Jakobus de Meerdere.
Amsterdam, Rijksmuseum, RP-P-1884-A-7995

Pieter Bruegel the Elder was the founding father of the stereotypical depiction of the witch. He popularised such attributes as the fireplace, the cauldron, the cat and the broom.

De Antwerpse schilder Frans Francken II beeldde in deze Heksenkeuken (1610) een mooie, jonge heks af, omringd door oudere heksen.
Wenen, Kunsthistorisch Museum, 1074. © KHM-Museumsverband

In this Witches’ Kitchen the Antwerp painter Frans Francken depicted a beautiful young witch, surrounded by older witches.

William Hogarth, Credulity, Superstition and Fanaticism, 1762, London, The British Museum

The typical witch’s hat – a pointed hat with a wide brim – can be found in children’s books, films such as The Wizard of Oz and the Halloween industry. The hat made its first appearance in 18th-century satirical prints like those of William Hogarth, aimed at all forms of superstition.

Jeanne Panne.
Westhoek Verbeeldt, private collection

Jeanne Panne was burnt at the stake in Nieuwpoort in 1650. The town commemorates her every three years as part of an evocative historical and folkloristic show. Until 2000 there was an annual witches’ procession. A view of the witches’ procession in 1982.

Jommeke heksenjacht
Antwerp, Standaard Uitgeverij @2023, Jef Nys

In Jommeke, one of the most popular Flemish strip cartoons, witches regularly pop up. They are basically caricatures, with hooked noses, dressed in rags, flying on a broomstick. This is the cover of Op Heksenjacht (Jommeke on a Witch Hunt, 1963).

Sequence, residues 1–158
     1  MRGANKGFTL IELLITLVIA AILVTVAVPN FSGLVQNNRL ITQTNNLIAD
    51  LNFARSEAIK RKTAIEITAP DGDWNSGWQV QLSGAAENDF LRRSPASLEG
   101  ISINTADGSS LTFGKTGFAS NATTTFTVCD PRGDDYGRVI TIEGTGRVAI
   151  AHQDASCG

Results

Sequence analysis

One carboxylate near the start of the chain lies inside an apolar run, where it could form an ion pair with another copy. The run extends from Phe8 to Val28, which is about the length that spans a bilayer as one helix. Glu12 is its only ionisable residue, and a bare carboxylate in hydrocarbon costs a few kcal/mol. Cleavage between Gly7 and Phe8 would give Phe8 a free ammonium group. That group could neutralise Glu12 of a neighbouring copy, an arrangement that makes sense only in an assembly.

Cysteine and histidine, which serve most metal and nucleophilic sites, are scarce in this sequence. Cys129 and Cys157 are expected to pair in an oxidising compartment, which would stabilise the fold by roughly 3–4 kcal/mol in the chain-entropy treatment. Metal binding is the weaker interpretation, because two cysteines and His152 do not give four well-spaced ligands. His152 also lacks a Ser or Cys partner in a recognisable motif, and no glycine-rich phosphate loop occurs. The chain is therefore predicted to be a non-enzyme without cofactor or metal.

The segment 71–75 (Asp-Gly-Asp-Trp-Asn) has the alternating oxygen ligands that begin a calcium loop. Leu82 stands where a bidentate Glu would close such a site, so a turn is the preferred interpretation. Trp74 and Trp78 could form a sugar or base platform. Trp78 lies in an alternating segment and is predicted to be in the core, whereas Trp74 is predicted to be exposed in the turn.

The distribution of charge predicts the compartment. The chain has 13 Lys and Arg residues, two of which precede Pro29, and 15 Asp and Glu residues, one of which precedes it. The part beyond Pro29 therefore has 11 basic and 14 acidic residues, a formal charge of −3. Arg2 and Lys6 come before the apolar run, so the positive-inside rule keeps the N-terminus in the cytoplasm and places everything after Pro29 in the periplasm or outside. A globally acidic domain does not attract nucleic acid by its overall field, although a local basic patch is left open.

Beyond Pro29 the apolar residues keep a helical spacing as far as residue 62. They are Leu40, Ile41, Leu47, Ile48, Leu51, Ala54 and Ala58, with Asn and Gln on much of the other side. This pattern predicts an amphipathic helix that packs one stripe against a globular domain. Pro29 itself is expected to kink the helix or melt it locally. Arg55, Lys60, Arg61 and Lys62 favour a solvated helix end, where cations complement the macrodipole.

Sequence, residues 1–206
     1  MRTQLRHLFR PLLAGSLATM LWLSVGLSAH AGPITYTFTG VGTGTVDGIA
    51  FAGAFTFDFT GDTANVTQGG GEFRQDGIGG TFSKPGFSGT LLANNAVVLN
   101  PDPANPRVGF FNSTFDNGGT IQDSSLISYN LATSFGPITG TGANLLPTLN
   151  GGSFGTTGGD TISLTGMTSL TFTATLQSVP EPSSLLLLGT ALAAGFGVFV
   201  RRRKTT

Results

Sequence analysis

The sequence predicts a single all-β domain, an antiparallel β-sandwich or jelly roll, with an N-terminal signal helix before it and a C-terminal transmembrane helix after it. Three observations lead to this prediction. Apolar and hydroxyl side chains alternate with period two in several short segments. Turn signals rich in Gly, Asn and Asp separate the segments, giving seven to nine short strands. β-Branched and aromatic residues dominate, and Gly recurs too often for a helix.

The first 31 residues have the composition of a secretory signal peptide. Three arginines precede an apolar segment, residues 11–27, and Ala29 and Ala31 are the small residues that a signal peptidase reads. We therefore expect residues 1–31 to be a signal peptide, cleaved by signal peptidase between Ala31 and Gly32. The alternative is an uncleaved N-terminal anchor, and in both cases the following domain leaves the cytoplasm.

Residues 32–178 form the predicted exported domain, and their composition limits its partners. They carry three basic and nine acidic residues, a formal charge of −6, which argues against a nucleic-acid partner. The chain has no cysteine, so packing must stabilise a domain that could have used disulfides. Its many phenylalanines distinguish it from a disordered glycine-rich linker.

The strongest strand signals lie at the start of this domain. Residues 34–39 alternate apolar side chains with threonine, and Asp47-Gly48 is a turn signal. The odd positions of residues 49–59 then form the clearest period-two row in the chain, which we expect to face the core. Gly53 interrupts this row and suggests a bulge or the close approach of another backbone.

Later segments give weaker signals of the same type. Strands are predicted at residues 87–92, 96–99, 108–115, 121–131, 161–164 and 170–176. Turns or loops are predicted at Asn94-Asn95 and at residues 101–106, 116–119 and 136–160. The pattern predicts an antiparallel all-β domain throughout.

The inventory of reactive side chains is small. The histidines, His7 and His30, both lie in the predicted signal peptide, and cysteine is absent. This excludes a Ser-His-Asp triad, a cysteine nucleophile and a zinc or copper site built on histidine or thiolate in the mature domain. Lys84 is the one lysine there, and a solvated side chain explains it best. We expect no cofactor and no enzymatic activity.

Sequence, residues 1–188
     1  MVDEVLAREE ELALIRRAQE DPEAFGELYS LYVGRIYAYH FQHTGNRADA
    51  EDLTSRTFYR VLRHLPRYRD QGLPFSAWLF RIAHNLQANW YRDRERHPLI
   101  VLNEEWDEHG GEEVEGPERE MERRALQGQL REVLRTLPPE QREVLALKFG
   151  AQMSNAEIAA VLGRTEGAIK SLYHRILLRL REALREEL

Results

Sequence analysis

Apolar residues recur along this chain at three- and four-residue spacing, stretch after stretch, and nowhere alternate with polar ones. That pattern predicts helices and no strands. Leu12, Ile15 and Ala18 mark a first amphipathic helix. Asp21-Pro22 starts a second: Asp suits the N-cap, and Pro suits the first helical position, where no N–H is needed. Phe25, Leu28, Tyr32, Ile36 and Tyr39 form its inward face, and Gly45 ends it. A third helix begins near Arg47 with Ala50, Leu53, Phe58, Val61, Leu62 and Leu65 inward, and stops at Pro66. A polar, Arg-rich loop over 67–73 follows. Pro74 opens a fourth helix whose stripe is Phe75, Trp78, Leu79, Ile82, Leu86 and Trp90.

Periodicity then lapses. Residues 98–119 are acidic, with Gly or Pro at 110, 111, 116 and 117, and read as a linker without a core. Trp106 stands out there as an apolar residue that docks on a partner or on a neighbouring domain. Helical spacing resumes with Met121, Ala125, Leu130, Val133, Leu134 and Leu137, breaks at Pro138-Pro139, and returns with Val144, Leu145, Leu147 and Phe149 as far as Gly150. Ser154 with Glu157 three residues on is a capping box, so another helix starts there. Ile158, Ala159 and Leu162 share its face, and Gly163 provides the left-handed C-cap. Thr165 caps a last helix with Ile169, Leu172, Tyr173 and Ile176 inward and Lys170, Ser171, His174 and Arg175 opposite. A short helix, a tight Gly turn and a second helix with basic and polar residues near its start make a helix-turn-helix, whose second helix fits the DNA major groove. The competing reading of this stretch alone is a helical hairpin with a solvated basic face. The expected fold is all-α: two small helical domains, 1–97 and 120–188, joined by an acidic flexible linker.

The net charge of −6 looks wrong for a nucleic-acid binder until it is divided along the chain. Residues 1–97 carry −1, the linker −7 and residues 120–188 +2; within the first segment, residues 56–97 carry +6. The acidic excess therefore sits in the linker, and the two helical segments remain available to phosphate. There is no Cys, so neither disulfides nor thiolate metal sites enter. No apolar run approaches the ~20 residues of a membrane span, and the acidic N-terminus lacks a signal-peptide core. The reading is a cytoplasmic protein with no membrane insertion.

De folkloristische Heksenstoet van Beselare, deelgemeente van Zonnebeke, is opgenomen in de Inventaris Vlaanderen voor Immaterieel Cultureel Erfgoed. Meer dan 1000 figuranten, jong en oud, brengen de sprookjesheksen en tovenaressen uit de plaatselijke legendes, zoals Sefa Bubbels en Calle Bletters, tot leven. In beeld: de heksenstoet van 2019.
Beselare, Heksenstoet VZW

The folkloristic Witches’ Procession of Beselare, a sub-district of Zonnebeke, was included in the Flanders inventory for Intangible Cultural Heritage. Over 1000 performers, young and old, bring to life the fairytale witches and sorceresses from local legends, such as Sefa Bubbels and Calle Bletters. A view of the witches’ procession of 2019.

Discover more on this topic


Bron: VRT archief – 12 nov 1994


Bron: VRT archief – 4 nov 2021


Monballyu Jos
De heksen en de buren. Heksenprocessen in de Lage Landen, 1598-1652

Davidsfonds, 2015. 

Triest Monika & Gils Lou
Met de duivel naar bed. Heksen in de Lage Landen

Van Halewyck, 2002. 

Vanhemelryck Fernand
Het gevecht met de duivel. Heksen in Vlaanderen

Davidsfonds, 1999. 


De Bel Marc
Nelle, de heks van Cruysem

Manteau, 2011. (12+) 

Dieltiens Kristien

Clavis, 2005. (12+) 

Hanegreefs Luc

Clavis, 2017. (12+) 

Janssen Kolet
Het duivelskind

Davidsfonds, 1991. (13+) 

Legendre Marc
De Rode Ridder. De Vloek van Malfrat

Manteau, 2013. (9+) 

Smit Susan
De heks van Limbricht

Lebowski Publishers, 2021. 

Studio Vandersteen
Suske en Wiske: Jeanne Panne (nr. 264)

Standaard Uitgeverij, 2000. 

Van De Velde Hedwig
De heks van Axel

Davidsfonds, 2003. (12+) 

Van Der Vlugt Simone
De amulet

Lemniscaat, 2010. (12+) 

Vanhoeck Roger
Heksen moeten branden: de heks van Nattenhaasdonk

Abimo, 2013. (12+) 

Radio 1
De wereld van Sofie – 13 mei 2023

Jef Verscuren (Comité ‘Eerherstel voor Cathelyne’) over Cathelyne Van den Bulcke.